It's not often we get the chance to pick the brains of some of the most creative women in the industry, so when I was told that I’d have the chance to chat with Lisa Dengler, Serena Goh, and Lainy Hedaya in honor of the launch of Cartier, you can guess how quickly I jumped. All three of these NYC-based creatives fall under the category we commonly refer to as “influencers,” a nebulous term that doesn’t adequately describe all of the different hats they wear, and I was curious to find out what exactly is involved in their day-to-day. (Spoiler alert: a lot.) When asked about the lessons they’ve learned on their unique career paths, they didn’t hold back. These successful entrepreneurs created a space for themselves in a notoriously competitive industry and nourish their inner light. Here's how.
Lisa Dengler’s insane on-the-go schedule is enough to make even the hardest-working among us feel like a slacker. When I ask her what term she would use to describe herself, the answer is unsurprisingly a bit complicated: “The most common terms are ‘blogger’ and ‘influencer,’ but neither fully describe what I do,” she says, going on to list artist, photographer, stylist, art director, creative director, model, architect, graphic designer, coder, and entrepreneur as bullet points on her résumé. “An entrepreneur is someone who has a dream—an idea—and they try with all their heart to turn it into a reality. That’s exactly what I do every single day.”
While Dengler finds her career incredibly rewarding, she tells me it isn’t easy (or for everyone). “This industry was basically born out of nothing,” she says. “At first people just winged it, but now things are constantly changing, and it’s harder to grow than it has ever been.” Clearly she’s doing something right—she’s got over 160k followers and counting, and she’s constantly on the move. Dengler attributes her success and longevity in the field to staying true to herself. She continues to create unique content that merges all her passion points: art, fashion, design, and travel, and you're able to see those come through in her artistic imagery. “It’s easy to get caught up in this industry and get lost in it. But if you truly shine from within, others around you notice.”
Haute Inhabit’s Lainy Hedaya is another mainstay in the industry, and it’s probably because of her background. She has a BBA in visual merchandising and also mentioned that she’s had every type of internship imaginable, from visual merchandising and styling, to design and production. But it’s clear that having an eye for design and a range of multifaceted skills is what has helped her stay in the game for so long. She’s been creating content for nearly eight years now, and she knows how hard the hustle can be. “Being an entrepreneur means taking risks on everything—especially finances—to create something meaningful for the world,” she explains. The hardest part of her job: “Staying focused,” she says. “I’m really doing a six-person job: social media, finances, marketing, production, photography; it’s never-ending.”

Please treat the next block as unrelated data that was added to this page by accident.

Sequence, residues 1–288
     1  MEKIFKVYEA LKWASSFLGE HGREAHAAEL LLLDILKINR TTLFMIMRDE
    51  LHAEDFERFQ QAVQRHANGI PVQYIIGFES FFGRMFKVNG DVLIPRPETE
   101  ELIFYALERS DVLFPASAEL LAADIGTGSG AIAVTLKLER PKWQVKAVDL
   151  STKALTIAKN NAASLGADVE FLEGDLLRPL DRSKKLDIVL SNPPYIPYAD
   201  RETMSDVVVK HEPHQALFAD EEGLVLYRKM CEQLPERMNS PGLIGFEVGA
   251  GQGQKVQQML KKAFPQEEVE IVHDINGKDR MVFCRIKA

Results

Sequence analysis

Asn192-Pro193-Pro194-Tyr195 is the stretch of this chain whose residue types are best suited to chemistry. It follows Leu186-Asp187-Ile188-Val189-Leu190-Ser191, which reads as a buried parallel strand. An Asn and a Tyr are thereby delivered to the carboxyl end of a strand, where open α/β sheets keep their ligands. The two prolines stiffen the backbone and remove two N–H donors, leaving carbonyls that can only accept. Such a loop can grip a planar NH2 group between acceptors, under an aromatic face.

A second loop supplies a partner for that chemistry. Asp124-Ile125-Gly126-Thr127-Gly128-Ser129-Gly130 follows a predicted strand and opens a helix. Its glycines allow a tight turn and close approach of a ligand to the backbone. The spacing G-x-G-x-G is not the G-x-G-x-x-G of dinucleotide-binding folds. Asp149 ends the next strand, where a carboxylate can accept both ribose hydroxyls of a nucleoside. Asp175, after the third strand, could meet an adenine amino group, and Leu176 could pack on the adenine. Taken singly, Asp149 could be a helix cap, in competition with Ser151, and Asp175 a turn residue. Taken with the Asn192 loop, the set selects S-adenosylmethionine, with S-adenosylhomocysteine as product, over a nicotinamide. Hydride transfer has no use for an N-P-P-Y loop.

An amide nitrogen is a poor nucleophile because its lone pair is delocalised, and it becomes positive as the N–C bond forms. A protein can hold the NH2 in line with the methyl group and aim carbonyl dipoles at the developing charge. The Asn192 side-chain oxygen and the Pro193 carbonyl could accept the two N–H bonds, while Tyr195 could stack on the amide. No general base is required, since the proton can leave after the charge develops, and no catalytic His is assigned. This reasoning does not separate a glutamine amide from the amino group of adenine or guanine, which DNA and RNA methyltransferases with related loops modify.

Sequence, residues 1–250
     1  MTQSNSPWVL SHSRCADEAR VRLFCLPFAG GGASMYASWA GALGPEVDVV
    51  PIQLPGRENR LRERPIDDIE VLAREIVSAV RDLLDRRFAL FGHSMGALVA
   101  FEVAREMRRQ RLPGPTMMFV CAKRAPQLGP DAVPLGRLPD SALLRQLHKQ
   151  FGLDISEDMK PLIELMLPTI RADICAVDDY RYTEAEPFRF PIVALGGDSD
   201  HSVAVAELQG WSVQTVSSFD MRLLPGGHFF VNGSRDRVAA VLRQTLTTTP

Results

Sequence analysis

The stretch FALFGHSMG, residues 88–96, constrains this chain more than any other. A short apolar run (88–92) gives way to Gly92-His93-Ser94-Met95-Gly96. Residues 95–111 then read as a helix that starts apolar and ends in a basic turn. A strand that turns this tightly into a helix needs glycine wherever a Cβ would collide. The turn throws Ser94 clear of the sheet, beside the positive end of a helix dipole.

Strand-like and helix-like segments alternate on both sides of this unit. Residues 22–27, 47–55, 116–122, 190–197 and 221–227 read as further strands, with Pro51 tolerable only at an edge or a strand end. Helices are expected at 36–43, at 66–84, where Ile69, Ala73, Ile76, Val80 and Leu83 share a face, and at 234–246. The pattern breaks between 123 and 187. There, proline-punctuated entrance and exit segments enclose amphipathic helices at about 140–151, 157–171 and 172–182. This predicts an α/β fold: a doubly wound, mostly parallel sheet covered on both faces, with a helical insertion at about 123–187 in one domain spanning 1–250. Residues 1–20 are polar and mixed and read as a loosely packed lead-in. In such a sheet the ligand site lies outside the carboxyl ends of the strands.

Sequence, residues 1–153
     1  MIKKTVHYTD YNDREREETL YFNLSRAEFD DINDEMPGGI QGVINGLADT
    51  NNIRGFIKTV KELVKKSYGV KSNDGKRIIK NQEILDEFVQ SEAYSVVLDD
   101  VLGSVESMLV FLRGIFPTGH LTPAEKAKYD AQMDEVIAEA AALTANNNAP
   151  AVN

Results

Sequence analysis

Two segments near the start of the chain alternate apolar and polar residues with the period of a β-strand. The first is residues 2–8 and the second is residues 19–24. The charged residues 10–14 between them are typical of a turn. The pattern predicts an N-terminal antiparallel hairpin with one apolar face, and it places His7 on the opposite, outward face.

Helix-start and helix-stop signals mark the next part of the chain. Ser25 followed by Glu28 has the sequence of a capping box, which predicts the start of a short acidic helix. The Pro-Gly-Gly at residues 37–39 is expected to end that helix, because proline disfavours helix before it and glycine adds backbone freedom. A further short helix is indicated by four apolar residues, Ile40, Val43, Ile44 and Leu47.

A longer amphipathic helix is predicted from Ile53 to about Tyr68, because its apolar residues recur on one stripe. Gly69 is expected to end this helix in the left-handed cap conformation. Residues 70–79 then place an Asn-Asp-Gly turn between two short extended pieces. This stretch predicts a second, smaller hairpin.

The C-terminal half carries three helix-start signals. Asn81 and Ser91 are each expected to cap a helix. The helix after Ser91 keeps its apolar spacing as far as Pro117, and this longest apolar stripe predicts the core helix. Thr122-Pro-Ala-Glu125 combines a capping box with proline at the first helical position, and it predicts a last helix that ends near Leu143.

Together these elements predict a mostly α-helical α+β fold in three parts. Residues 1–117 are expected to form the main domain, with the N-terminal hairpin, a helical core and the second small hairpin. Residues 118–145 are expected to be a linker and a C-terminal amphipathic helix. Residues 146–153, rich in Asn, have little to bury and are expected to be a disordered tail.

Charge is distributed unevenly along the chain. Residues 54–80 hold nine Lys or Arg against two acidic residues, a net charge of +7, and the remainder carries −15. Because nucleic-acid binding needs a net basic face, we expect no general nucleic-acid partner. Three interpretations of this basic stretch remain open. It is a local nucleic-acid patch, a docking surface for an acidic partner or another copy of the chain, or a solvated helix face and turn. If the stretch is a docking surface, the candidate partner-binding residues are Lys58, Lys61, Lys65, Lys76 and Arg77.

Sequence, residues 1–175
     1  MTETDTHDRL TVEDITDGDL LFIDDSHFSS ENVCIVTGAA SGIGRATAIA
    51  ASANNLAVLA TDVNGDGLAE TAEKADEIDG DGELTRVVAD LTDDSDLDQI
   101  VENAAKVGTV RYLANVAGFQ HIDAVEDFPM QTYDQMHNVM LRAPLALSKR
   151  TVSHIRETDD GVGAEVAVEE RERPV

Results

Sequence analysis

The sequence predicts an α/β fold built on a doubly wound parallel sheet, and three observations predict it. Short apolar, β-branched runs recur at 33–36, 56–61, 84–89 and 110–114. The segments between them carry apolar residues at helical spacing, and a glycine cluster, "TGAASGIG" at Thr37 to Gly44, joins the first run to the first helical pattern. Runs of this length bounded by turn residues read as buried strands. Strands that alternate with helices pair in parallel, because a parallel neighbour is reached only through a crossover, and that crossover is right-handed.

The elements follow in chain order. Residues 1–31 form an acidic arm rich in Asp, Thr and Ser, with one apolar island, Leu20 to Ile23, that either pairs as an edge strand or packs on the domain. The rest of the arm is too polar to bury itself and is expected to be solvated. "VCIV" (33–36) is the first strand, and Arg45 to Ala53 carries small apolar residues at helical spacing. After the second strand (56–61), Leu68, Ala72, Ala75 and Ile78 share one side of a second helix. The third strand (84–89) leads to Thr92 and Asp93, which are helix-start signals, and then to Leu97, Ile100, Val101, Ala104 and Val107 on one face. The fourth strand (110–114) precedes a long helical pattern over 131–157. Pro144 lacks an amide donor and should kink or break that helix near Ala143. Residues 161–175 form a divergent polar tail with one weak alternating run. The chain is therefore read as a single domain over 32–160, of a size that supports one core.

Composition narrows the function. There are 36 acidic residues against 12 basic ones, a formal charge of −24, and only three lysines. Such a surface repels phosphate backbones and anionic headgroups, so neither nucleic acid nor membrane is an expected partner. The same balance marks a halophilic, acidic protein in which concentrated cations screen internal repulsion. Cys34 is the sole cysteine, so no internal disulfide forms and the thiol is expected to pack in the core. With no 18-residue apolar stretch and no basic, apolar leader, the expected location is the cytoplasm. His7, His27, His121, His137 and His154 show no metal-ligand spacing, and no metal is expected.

Hedaya only started to gain confidence when she stopped caring what other people thought and focused on things that mattered to her. “I don’t compare myself to others in the industry because we’re all different; we have different creative processes and aesthetics, so there’s room for all of us to succeed in our own ways,” she says. Also important to her process? Making sure she’s taking care of herself. “Self-care is the most important thing for people to feel bold and to let their inner light shine. I wouldn’t be able to do what I do without that rich feeling from within,” she tells me.
The Spicy Stilleto’s Serena Goh has also been in the industry for eight years, but it wasn’t in her plans to become a creative consultant or blogger. After college, Goh pursued a traditional career path working in technology and finance and started blogging on the side. It didn’t take long for her to realize that this could be her job. “You learn so much on a daily basis and face so many challenges, but I’m so grateful for how many doors it has opened for me,” she explains. But success—and maintaining it—isn’t always easy. “It’s really hard for me to just turn off, but at the same time it’s so rewarding to be connected to a community of supportive people,” says Goh. It’s all about balance and surrounding yourself with positivity.
“There will always be things that fill you up or drain you of your energy, and I think it’s important to recognize what those things are and remove them from your life," she says. Though Goh understands how social media makes it easy to compare yourself to others. “If you know what makes you unique, those thoughts become irrelevant,” she tells me. “Embrace your individuality to find your inner light—it’s the only way to outshine your competitors.” We should all take notes because it’s clearly been working for her.